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  • Mental Causation.Stephen Yablo - 1992 - Philosophical Review 101 (2):245-280.
  • Causally Relevant Properties.David Braun - 1995 - Philosophical Perspectives 9:447-75.
    In this paper I present an analysis of causal relevance for properties. I believe that most of us are already familiar with the notion of a causally relevant property. But some of us may not recognize it "under that description." So I begin below with some intuitive explanations and some illustrative examples.
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  • Why the Exclusion Problem Seems Intractable and How, Just Maybe, to Tract It.Karen Bennett - 2003 - Noûs 37 (3):471-97.
    The basic form of the exclusion problem is by now very, very familiar. 2 Start with the claim that the physical realm is causally complete: every physical thing that happens has a sufficient physical cause. Add in the claim that the mental and the physical are distinct. Toss in some claims about overdetermination, give it a stir, and voilá—suddenly it looks as though the mental never causes anything, at least nothing physical. As it is often put, the physical does all (...)
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  • On the Matter of Minds and Mental Causation.Valerie Gray Hardcastle - 1998 - Philosophical and Phenomenological Research 58 (1):1-25.
    There is a difference between someone breaking a glass by accidentally brushing up against it and smashing a glass in a fit of anger. In the first case, the person's cognitive state has little to do with the event, but in the second, the mental state qua anger is quite relevant. How are we to understand this difference? What is the proper way to understand the relation between the mind, the brain, and the resultant behavior? This paper explores the popular (...)
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  • Making Mind Matter More.Jerry A. Fodor - 1989 - Philosophical Topics 17 (11):59-79.
  • Determinables, Determinates and Determinants: I.Arthur N. Prior - 1949 - Mind 58:1.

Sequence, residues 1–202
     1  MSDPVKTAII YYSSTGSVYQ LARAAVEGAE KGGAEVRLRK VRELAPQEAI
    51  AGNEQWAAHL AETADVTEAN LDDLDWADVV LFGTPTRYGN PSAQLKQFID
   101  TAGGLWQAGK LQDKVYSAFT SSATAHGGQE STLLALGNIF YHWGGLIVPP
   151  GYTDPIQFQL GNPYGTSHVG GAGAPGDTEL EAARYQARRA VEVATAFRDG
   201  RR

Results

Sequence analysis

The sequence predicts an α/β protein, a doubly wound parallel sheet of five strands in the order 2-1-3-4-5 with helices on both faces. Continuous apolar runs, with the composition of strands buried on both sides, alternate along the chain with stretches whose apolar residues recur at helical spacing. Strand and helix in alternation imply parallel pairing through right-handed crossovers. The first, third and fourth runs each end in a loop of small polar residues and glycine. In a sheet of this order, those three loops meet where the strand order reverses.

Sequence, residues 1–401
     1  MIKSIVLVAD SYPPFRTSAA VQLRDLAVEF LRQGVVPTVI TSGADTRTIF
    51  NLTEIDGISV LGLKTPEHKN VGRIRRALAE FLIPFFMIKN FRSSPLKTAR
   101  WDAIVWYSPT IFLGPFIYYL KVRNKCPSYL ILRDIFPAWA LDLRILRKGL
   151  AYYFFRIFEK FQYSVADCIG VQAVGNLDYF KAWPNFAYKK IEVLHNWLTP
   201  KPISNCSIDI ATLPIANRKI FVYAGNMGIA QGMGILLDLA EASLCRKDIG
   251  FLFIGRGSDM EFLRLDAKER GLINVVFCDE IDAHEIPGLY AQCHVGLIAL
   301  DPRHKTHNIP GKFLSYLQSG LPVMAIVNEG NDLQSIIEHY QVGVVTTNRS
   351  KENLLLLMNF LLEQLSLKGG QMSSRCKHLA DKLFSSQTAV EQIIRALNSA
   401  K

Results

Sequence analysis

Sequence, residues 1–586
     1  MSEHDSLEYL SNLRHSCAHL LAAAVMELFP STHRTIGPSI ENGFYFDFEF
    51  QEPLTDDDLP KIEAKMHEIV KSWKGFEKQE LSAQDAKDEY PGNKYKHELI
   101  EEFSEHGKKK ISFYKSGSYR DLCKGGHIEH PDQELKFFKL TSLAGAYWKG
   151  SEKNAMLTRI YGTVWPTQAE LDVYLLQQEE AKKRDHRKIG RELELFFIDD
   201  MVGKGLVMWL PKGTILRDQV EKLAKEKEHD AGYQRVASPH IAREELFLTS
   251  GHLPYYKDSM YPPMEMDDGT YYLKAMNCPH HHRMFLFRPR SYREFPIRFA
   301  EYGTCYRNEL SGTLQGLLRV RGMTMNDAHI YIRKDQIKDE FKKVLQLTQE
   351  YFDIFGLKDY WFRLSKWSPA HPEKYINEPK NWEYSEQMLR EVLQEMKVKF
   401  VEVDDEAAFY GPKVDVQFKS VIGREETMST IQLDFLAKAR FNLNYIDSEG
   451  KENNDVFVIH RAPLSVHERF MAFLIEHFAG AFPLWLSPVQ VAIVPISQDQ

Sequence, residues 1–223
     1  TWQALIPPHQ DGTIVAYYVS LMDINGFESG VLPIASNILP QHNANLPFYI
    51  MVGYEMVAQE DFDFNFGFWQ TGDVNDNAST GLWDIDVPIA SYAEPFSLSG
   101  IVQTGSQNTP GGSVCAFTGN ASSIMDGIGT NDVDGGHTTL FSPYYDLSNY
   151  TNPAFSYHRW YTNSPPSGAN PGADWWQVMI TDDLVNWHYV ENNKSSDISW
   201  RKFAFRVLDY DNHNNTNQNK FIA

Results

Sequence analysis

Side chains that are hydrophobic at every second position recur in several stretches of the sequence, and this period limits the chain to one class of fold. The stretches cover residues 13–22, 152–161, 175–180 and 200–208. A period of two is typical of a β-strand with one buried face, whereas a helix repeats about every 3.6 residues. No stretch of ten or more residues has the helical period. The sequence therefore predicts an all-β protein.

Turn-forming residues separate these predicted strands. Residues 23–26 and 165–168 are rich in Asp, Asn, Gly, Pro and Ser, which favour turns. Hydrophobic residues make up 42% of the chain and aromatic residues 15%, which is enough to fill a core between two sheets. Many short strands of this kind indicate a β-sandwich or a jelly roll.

• The Determinable-Determinate Relation.Eric Funkhouser - 2006 - Noûs 40 (3):548–569.
    The properties colored and red stand in a special relation. Namely, red is a determinate of colored, and colored is determinable relative to red. Many other properties are similarly related. The determination relation is an interesting topic of logical investigation in its own right, and the prominent philosophical inquiries into this relation have, accordingly, operated at a high level of abstraction.1 It is time to return to these investigations, not just as a logical amusement, but for the payoffs such investigation (...)
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  • Parallelism, Interactionism, and Causation.Laird Addis - 1984 - Midwest Studies in Philosophy 9 (1):329-344.
    One may gather from the arguments of two of the last papers published before his death that J. L. Mackie held the following three theses concerning the mind/body problem : (1) There is a distinct realm of mental properties, so a dualism of properties at least is true and materialism false.
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  • Mental Causation, Determinables, and Property Instances.Douglas Ehring - 1996 - Noûs 30 (4):461-80.
  • Wide Causation.S. Yablo - 1996 - Philosophical Perspectives 11 (11):251-281.
  • Kim on Mental Causation and Causal Exclusion.Terence E. Horgan - 1997 - Philosophical Perspectives 11 (s11):165-84.
  • I.—determinables, determinates and determinants.Arthur N. Prior - 1949 - Mind 58 (229):1-20.
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  • Mind, Brain, and Causation.J. L. Mackie - 1979 - Midwest Studies in Philosophy 4 (1):19-29.
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  • Anomalous Monism and the Problem of Explanatory Force.Louise Antony - 1989 - Philosophical Review 98 (April):153-87.